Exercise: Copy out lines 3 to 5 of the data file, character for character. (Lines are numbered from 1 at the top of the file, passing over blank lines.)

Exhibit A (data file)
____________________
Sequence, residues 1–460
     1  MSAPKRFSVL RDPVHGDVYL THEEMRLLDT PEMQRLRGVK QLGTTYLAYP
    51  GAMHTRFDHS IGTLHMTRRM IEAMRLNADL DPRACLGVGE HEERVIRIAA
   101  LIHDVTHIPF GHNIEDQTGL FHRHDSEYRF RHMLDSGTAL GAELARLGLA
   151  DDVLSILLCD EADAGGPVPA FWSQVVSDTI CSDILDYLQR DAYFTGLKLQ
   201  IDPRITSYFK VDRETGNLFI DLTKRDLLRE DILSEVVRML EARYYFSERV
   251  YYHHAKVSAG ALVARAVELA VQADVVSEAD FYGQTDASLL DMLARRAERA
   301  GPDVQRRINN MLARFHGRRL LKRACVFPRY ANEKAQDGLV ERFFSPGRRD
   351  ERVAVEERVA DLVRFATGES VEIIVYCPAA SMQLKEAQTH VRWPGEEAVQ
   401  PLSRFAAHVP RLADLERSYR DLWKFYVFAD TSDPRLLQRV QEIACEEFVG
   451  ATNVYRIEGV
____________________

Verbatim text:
    51  GAMHTRFDHS IGTLHMTRRM IEAMRLNADL DPRACLGVGE HEERVIRIAA
   101  LIHDVTHIPF GHNIEDQTGL FHRHDSEYRF RHMLDSGTAL GAELARLGLA
   151  DDVLSILLCD EADAGGPVPA FWSQVVSDTI CSDILDYLQR DAYFTGLKLQ